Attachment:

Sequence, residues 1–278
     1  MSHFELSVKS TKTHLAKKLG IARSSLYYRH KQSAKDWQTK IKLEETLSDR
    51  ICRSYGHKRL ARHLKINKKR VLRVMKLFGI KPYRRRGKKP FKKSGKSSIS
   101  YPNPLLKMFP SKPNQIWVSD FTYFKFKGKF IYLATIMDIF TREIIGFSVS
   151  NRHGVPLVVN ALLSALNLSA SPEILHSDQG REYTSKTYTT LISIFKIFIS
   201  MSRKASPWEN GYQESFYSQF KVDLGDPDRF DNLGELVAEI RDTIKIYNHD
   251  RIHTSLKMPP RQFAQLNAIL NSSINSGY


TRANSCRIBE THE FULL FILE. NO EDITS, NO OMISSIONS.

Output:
Sequence, residues 1–278
     1  MSHFELSVKS TKTHLAKKLG IARSSLYYRH KQSAKDWQTK IKLEETLSDR
    51  ICRSYGHKRL ARHLKINKKR VLRVMKLFGI KPYRRRGKKP FKKSGKSSIS
   101  YPNPLLKMFP SKPNQIWVSD FTYFKFKGKF IYLATIMDIF TREIIGFSVS
   151  NRHGVPLVVN ALLSALNLSA SPEILHSDQG REYTSKTYTT LISIFKIFIS
   201  MSRKASPWEN GYQESFYSQF KVDLGDPDRF DNLGELVAEI RDTIKIYNHD
   251  RIHTSLKMPP RQFAQLNAIL NSSINSGY